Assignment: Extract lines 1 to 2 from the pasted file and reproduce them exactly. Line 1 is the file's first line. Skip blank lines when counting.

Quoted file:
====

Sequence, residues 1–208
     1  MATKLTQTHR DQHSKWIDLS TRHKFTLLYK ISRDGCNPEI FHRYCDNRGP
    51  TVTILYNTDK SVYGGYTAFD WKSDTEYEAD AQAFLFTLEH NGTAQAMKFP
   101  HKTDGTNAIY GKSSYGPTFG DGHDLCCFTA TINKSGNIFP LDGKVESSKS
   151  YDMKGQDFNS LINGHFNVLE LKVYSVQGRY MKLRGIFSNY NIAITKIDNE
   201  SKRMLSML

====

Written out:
Sequence, residues 1–208
     1  MATKLTQTHR DQHSKWIDLS TRHKFTLLYK ISRDGCNPEI FHRYCDNRGP